David Weir had a successful 20-year professional career in both Scotland and England before retiring at the age of 42 last season following a five-year spell with Scottish giants Rangers. After just over a year coaching Everton’s youth teams under David Moyes, the Scot joined Sheffield United earlier this summer, but Weir has been sacked by the Blades after just 13 games in charge with the club now rooted in the relegation places.
With no prior management experience, Weir did look like an odd choice for Sheffield, although it seems he wasn’t owner Kevin McCabe’s first-choice either. Managers such as Motherwell’s Stuart McCall turned down the post for various reasons, leaving the Blades’ owner with a dilemma. McCabe later chose to appoint former Scottish international Weir, who was interestingly also interviewed by Bill Kenwright for the Everton job this summer before the post was given to Roberto Martinez.
David Weir has spent enough time in football to know his stuff both on and off the field. Any player who is able to play at the top level for the length of time that Weir did has to have picked up a good understanding of the game at some point along the line, and it is probably this knowledge that lead to him being hired by United. He also seems to have some tactical nous, because he tried to get his charges to take the ball down on the pitch and play it, which is very respectable at that level. Sometimes this approach doesn’t work, and if a manager doesn’t change their tactical approach when the results start worsening, it could land them in big trouble.
With the players that Sheffield United managed to capture this past summer, it leaves a lot to wonder about why they’re struggling at the moment. Players like Jose Baxter and Florent Cuvelier, along with more experienced heads like Cameron Jerome, joined up at Bramall Lane over the last few months to try and gain promotion back to the Championship under the new manager. Players like Harry Maguire - named player of the year for the last two seasons and an England youth international - are already at the club, and some could argue that they should be fighting for promotion, not rooted to the bottom of the table.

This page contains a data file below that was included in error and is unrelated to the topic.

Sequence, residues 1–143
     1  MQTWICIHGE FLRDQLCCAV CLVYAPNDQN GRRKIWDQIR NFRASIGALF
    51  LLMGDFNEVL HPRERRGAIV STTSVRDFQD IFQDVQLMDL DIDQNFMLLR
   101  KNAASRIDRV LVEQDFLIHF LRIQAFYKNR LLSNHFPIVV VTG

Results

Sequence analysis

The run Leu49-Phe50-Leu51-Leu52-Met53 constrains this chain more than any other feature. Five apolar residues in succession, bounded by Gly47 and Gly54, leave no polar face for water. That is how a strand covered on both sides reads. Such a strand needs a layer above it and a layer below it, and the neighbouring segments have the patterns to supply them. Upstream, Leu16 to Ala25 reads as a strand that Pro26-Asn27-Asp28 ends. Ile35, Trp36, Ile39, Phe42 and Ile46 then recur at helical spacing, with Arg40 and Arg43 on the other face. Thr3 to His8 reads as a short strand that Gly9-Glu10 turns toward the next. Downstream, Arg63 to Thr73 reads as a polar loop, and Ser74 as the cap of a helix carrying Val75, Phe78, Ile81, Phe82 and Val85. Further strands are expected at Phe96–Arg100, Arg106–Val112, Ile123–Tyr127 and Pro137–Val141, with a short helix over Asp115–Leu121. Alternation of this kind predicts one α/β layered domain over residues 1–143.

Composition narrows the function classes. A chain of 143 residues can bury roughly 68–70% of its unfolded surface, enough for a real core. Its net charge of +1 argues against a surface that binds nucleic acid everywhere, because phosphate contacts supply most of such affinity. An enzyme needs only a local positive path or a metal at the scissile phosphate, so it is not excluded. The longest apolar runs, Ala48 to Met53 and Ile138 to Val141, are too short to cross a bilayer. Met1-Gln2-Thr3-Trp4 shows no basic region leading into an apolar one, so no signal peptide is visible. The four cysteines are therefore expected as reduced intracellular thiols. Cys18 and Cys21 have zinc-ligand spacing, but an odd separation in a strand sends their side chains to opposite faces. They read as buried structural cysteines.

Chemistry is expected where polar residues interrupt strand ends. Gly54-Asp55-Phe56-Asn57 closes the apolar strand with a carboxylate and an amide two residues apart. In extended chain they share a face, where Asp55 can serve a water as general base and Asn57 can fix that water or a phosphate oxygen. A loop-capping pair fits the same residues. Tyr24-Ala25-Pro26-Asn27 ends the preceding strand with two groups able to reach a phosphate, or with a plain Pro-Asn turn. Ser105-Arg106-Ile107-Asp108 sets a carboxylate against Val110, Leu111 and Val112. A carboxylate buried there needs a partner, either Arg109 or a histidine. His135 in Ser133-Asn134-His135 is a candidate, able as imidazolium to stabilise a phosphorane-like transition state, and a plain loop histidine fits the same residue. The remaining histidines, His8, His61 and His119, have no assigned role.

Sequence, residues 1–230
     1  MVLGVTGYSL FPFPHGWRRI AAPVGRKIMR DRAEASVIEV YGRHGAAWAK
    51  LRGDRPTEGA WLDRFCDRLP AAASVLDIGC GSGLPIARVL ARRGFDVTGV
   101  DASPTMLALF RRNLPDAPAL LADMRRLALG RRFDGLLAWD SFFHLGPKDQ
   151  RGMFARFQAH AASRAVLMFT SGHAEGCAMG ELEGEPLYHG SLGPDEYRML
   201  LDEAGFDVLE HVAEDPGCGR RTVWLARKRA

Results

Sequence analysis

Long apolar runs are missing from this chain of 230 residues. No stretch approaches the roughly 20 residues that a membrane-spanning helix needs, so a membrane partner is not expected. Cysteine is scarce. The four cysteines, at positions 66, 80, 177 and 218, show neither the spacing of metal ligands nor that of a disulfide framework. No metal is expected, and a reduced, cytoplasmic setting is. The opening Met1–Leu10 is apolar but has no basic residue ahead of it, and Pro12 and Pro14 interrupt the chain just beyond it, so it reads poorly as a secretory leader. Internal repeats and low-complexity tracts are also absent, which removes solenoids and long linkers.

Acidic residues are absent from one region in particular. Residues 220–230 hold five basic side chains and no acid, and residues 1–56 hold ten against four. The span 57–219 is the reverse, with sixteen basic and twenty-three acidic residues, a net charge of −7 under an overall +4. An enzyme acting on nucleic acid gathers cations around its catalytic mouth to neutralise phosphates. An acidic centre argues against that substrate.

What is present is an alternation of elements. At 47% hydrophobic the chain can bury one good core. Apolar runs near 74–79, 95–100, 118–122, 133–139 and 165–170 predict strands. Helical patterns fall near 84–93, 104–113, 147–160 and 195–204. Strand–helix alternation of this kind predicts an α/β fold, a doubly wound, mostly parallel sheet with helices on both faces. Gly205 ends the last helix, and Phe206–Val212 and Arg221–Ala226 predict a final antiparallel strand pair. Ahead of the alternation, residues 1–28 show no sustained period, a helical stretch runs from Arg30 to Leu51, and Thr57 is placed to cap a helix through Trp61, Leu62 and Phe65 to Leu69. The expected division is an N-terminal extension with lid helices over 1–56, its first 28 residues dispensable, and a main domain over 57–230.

It all started rosily for David Weir’s men this season, before turning south after. Five wins in eight preseason matches before an opening day win over Notts County left everything looking promising for the Blades’ supporters. It’s been over two months since then, and the club’s sole victory occured in the Capital One Cup, a penalty shootout win over Scunthorpe United early in September. This form has left some supporters dissatisfied with their club, despite a major cash investment from the Middle East thanks to Abdullah bin Musa’ad bin Abdul Aziz, who recently bought half of the club and prompted a number of promising players to join.
One of the major problems at Sheffield United is the philosophy. Everyone within the club has high expectations, but the owners don’t have the money to back the ambition, and probably wouldn’t use it even if they did. This is also the case at United’s Sheffield rivals Wednesday, who are currently struggling at the bottom of the second tier and also have little to spend despite a lot of ambition.
To come into a club with such high expectation from both the owners and from the fans could well have been the downfall of David Weir. Both of those groups have had him under pressure from day one, which isn’t exactly the ideal scenario for someone in their first senior management job. He could always have been destined to fail if that’s the case. Unfortunate as it is, it’s a harsh reality in football that often rears its ugly head.
As it stands, former Liverpool and Manchester City midfielder Nigel Clough, who was recently sacked by Championship side Derby County (who his father Brian took to domestic and continental success in the 1960s and 70s) is the favorite to become the new manager at Bramall Lane, and I think that would be a very good choice by them. The Sunderland-born 47 year-old has shown signs of being a good manager with Burton Albion and Derby, and should be able to turn around the fortunes of Sheffield United as well. However, other names such as Stuart McCall have been re-linked with the job, and anything could happen. In the meantime, Chris Morgan, who played for the Blades for nine years and was caretaker manager for a time earlier this year, will take temporary charge until a permanent replacement is found.